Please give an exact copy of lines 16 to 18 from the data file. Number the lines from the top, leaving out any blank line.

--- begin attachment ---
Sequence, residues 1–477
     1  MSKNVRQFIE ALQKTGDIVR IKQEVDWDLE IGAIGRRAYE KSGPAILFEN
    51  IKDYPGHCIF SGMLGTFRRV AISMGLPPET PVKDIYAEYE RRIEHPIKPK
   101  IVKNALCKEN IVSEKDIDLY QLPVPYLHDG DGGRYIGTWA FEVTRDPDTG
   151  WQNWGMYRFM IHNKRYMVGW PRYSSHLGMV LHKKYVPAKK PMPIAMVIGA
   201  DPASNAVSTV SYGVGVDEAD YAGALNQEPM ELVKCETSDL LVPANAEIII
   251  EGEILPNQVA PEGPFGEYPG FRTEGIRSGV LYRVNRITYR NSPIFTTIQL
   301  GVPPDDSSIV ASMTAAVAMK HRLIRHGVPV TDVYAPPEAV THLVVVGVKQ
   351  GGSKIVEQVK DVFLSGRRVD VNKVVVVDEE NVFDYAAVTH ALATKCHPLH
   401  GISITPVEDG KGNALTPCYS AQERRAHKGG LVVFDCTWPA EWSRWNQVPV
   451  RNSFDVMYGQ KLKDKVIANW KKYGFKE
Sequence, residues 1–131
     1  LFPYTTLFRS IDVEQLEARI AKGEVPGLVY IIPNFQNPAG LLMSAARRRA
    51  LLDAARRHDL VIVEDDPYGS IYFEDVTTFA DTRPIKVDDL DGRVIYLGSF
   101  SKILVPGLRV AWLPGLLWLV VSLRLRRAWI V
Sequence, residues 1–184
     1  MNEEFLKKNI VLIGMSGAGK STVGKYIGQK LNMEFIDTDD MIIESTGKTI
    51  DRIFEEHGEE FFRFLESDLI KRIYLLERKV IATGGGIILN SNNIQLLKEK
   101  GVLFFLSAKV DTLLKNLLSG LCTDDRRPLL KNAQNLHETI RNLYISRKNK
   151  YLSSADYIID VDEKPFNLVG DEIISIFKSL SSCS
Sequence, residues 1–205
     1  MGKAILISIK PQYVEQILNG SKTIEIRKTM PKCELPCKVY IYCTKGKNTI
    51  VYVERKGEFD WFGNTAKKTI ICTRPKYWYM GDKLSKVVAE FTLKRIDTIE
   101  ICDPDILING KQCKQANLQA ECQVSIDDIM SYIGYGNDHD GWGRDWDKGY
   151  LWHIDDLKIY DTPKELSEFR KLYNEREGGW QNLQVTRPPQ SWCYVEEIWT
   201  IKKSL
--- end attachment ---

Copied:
Sequence, residues 1–184
     1  MNEEFLKKNI VLIGMSGAGK STVGKYIGQK LNMEFIDTDD MIIESTGKTI
    51  DRIFEEHGEE FFRFLESDLI KRIYLLERKV IATGGGIILN SNNIQLLKEK